“This is the type of partnership I envisioned when I took office and pledged that Alaskans would be prepared for jobs,” Governor Palin said. “It shows what can be accomplished when school, work, business and industry speak the same language and share the same goals.”
After the assessment, participants can enroll in online, self-paced courses to improve skills. The information is delivered in a work-related, applied context to prevent boredom. Workers can access the programs from public schools, home or from any state job center.
Participants will receive a Career Readiness Certificate that documents their basic skills. More than 40 states issue such certificates which are widely recognized in business and industry.
“The skills needed to enter many vocations are similar to the skills needed to get into college. By 2010, three-quarters of jobs will require some type of training after high school,” said Roger Sampson, the most recent Education Commissioner.
In July, Governor Sarah Palin saluted the U.S. Department of Labor for awarding a federal grant of $7.5 million to the Alaska Department of Labor and Workforce Development. The funds will be spent over 5 years to train workers in pipeline construction and maintenance at low temperatures.
“This award will help state Labor Commissioner Click Bishop jump-start the workforce training plan the AGIA mandates to ensure Alaskans are given the first change to work on construction of a gas line,” Said Governor Palin.
In the past, many Alaskans have complained as high-paying oil pipeline jobs went to welders, fitters and supervisors imported from the lower 48 states.
“Alaska is critical to the nation’s policy on energy development, and this investment by the federal government through congressional authorization reflects a strong commitment to developing the state’s natural resources,” Governor Palin added.
The $7.5 million federal grant will train more than 2,500 Alaska workers, with an emphasis on preparing the workforce to create a new gas pipeline. The grant is seed money that will help the Alaska Department of Labor and Workforce Development get this program off the ground, when combined with $7.6 million that has already been appropriated by the Alaska Legislature from the state general fund.
Many employers and service members have questions about what happens to their health insurance under the latest updated federal and Alaska USERRA regulations. When a member of the Reserve or National Guard is called to active service, they qualify for military health care after 30 days.
However, USERRA guarantees soldiers the right to retain health care coverage through their civilian employers for up to 24 months, if they so wish. All soldiers should be covered by their civilian health care plan for the first 30 days of active service. If soldiers decide to continue the health care insurance through their civilian employers, they have to pay both the employee’s and the employer’s share of the premium, plus any processing fees.
Changes to the law cover a number of important issues. The Veterans’ Employment and Training Service, also known as VETS, has released the final rules pertaining to USERRA, so employers may want to verify that their Alaska USERRA posters are current.
Alaska workers are impacted by a few of the changes to the Uniformed Services Employment and Reemployment Rights Act of 1994, also known as USERRA. Changes made recently to this act impact federal government employees. These employees can now file claims with VETS, which is a US Department of Labor division.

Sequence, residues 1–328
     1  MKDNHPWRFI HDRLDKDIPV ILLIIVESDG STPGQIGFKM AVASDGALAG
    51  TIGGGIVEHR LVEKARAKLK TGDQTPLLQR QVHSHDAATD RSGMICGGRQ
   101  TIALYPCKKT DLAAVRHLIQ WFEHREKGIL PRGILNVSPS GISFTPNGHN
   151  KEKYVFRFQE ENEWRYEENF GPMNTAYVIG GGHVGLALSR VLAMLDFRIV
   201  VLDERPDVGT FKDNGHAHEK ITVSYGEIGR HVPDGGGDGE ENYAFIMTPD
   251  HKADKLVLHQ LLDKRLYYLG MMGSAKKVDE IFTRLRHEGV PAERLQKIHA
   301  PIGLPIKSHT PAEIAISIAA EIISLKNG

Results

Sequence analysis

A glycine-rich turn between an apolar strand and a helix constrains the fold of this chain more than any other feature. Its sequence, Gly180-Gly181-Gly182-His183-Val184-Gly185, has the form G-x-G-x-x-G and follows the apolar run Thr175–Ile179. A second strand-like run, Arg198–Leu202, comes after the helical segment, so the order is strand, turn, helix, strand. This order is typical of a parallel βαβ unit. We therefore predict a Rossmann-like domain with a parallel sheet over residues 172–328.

The updated regulations for USERRA stress again that, for up to five years, the civilian jobs of veterans and members of the military are protected. This includes members of the Navy, Army, and Air Force Reserve. The time period of five years is cumulative though, so if an employee first serves two years, then later serves three years, the time limit of five years is reached.
USERRA pays special attention to disabled veterans. Reasonable accommodations should be made by employers to account for the disabilities of veterans. In addition, if a service member is injured, an additional two years are added to the amount of time this individual has to return to work. The additional two years for injuries includes injuries received on active duty and during training.
According to a recent new release from the US Dept. of Labor, Alaska employers should remember that members of the National Guard and reservists returning to civilian occupations after serving must have their active duty time counted towards their eligibility to take time off work under the federal and state Family and Medical Leave Act (FMLA).
While many people refer to the family leave act as the Alaska FMLA, in reality, it is a federal program. The US Department of Labor recently issued a memorandum that clarifies its position on the rights of returning uniformed service members to family and medical leave under the Uniformed Services Employment and Reemployment Rights Act, or USERRA.
The federal FMLA provides employees with up to 12 weeks of unpaid leave per year to attend to a variety of critical family situations. These include the birth or adoption of a child, or the placement of a foster child in the home. In addition, employees may take time off to care for a close family member who is ill. This covers only members of the immediate family, including the employee’s parent, child, or spouse. FMLA leave may also be used by the employee to recover from his or her own serious illness or other medical condition.
The FMLA applies to all public agencies, including state, local and federal employers, and local schools, regardless of the number of employees. It also applies to employers with 50 or more employees. Employers with 50 or more employees at least 20 weeks of the year, who are engaged in industry or commerce, are subject to the federal FMLA law.
Under ordinary circumstances, a worker becomes eligible for leave under the FMLA after working for a covered employer for at least 12 months, during which he or she completed at least 1,250 hours of work. This recent report reminds employers they should count the months and hours that reservists or National Guards would have worked if they had not been called up for military service towards FMLA eligibility.